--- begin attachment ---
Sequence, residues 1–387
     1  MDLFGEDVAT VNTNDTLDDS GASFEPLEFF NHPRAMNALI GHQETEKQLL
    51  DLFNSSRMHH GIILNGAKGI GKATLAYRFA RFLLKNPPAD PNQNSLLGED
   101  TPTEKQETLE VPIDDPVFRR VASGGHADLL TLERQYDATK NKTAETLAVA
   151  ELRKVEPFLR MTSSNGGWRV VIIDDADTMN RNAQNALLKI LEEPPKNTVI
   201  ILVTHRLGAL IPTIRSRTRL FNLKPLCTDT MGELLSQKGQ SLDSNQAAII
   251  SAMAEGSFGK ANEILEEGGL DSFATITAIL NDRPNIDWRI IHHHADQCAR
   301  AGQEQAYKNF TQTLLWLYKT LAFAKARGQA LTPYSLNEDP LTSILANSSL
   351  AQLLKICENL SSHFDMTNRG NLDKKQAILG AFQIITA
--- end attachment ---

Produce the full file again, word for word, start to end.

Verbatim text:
Sequence, residues 1–387
     1  MDLFGEDVAT VNTNDTLDDS GASFEPLEFF NHPRAMNALI GHQETEKQLL
    51  DLFNSSRMHH GIILNGAKGI GKATLAYRFA RFLLKNPPAD PNQNSLLGED
   101  TPTEKQETLE VPIDDPVFRR VASGGHADLL TLERQYDATK NKTAETLAVA
   151  ELRKVEPFLR MTSSNGGWRV VIIDDADTMN RNAQNALLKI LEEPPKNTVI
   201  ILVTHRLGAL IPTIRSRTRL FNLKPLCTDT MGELLSQKGQ SLDSNQAAII
   251  SAMAEGSFGK ANEILEEGGL DSFATITAIL NDRPNIDWRI IHHHADQCAR
   301  AGQEQAYKNF TQTLLWLYKT LAFAKARGQA LTPYSLNEDP LTSILANSSL
   351  AQLLKICENL SSHFDMTNRG NLDKKQAILG AFQIITA